Overview of Viral
Vector Shedding

Vector shedding is the release of virus-based gene therapy products from the patient through one or all of the following routes: excreta (feces), secreta (urine, saliva, nasopharyngeal fluids, etc.), and skin (pustule, sores, wounds)1

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Biodistribution

Shedding is distinct from biodistribution, which refers to the spread of vector DNA within the patient’s body after administration, and its localization and persistence in tissues, body fluids, or organs1,2

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Vector Shedding

Shedding, which refers to how a product is excreted or released from the patient’s body, may be observed as a result of biodistribution2

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Viral vectors are currently the preferred method of delivery for gene therapies, compared with non-viral delivery systems3

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Approximately 70% of ongoing gene therapy clinical trials for rare genetic diseases utilize viral vectors4

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Currently, all of the gene therapies approved by the FDA or EMA are viral-based gene therapy products3,5–10

Replication Capabilities of Viral Vectors

Replication-deficient viral vectors

Replication-deficient viral vectors are engineered to be devoid of most of the viral sequences and hence, lack the genetic information for replication; however, they do retain the capacity for introducing genes of interest into target cells11,12

Some wild-type viruses like adeno-associated virus (AAV) are naturally replication deficient and need
co-infection with other helper viruses to be able to replicate11

Replication-competent viral vectors

Replication-competent viral vectors retain characteristics of the parent virus that enable them to multiply11

These viruses are currently most often being applied in cancer therapy11

A few examples include herpes simplex virus (HSV), reovirus, and adenovirus13

Safety concerns associated with vector shedding is extremely low for replication-deficient viral vectors

Shedding of replication-deficient viral vectors is expected to be low, of a limited duration, and associated with a lower potential for release as infectious viruses15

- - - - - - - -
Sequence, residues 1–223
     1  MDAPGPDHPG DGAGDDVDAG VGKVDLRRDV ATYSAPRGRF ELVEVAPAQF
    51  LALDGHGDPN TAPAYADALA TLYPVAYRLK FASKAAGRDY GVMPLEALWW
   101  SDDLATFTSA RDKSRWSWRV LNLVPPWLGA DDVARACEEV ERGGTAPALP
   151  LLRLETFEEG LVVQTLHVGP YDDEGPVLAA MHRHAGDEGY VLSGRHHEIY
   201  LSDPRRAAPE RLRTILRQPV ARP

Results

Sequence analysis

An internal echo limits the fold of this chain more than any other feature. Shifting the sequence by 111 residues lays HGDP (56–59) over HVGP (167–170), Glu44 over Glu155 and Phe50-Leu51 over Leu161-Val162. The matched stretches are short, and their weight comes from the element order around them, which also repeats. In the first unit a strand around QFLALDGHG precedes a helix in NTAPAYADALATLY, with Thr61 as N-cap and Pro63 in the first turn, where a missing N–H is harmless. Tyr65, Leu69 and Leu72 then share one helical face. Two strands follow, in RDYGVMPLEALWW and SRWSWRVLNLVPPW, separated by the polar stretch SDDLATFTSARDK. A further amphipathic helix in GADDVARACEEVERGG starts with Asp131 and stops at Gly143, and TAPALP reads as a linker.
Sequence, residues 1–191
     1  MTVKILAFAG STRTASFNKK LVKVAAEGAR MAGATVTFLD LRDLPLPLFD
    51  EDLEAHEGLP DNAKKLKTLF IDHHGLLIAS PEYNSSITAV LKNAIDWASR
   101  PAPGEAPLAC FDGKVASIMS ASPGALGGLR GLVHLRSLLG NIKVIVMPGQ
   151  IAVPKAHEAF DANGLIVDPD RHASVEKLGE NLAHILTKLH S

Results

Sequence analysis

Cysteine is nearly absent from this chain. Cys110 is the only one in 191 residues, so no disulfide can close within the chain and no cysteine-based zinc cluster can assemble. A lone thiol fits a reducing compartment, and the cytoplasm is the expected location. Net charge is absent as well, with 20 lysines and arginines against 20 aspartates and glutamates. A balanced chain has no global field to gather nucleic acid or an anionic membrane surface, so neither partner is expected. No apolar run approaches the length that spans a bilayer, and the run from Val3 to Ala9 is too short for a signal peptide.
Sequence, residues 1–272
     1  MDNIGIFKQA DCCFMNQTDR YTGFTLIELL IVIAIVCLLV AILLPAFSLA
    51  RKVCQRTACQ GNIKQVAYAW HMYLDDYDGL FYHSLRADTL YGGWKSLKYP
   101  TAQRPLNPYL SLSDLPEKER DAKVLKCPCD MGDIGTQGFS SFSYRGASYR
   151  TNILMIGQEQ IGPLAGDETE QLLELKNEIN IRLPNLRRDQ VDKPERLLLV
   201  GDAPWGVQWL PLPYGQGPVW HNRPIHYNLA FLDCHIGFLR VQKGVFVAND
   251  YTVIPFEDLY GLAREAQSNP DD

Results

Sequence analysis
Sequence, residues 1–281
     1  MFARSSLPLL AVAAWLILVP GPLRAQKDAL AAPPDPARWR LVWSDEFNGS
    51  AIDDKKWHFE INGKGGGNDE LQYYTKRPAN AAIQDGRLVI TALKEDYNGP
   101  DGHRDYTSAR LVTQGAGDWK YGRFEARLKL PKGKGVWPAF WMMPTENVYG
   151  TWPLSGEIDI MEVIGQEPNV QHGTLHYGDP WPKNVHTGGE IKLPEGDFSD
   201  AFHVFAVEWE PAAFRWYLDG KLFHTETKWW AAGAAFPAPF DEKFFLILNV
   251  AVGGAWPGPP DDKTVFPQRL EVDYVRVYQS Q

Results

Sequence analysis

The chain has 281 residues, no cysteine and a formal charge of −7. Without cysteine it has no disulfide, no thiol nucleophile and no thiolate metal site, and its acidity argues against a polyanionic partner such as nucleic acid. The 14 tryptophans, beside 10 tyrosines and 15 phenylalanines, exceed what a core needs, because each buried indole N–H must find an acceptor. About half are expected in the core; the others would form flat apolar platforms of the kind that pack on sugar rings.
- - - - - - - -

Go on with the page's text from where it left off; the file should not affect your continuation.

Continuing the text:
While it is unknown whether limited exposure to a replication-deficient vector is sufficient to generate an antibody response, there is a potential risk of seroconversion* in people who come into contact with patients dosed with a gene therapy, which could have future implications16,17

  • In exposed individuals, it could limit the possibility of future use of a gene therapy containing the same vector16
  • In the event of exposure in an antibody-negative mother, there may be the subsequent risk of future seropositive† pregnancies17
Alipogene tiparvovec* Replication-deficient AAV119
Autologous CD34+ cells encoding the human ADA cDNA sequence† Replication-deficient ɣ-retroviral vector20
Axicabtagene ciloleucel‡ Replication-deficient ɣ-retroviral vector21
Gendicine Replication-deficient adenovirus22
Onasemnogene abeparvovec-xioi Replication-deficient AAV923,24
Tisagenlecleucel§ Replication-deficient lentiviral vector25
Voretigene neparvovec-rzyl Replication-deficient AAV226

Safety concerns associated with vector shedding is a potential concern for replication-competent viral vectors15,16

Because replication-competent viral vectors retain the ability to replicate, they are likely to shed more effectively and for a longer period into the environment compared with replication-deficient viral vectors18

  • This shed vector may be infectious raising the possibility of transmission of the virus-based gene therapy product to untreated individuals (e.g. close contacts and healthcare professionals)15

To understand the potential risk of transmission and help evaluate measures to prevent transmission, shedding studies in the target population are conducted15

Talimogene laherparepvec# Replication-competent HSV-127

References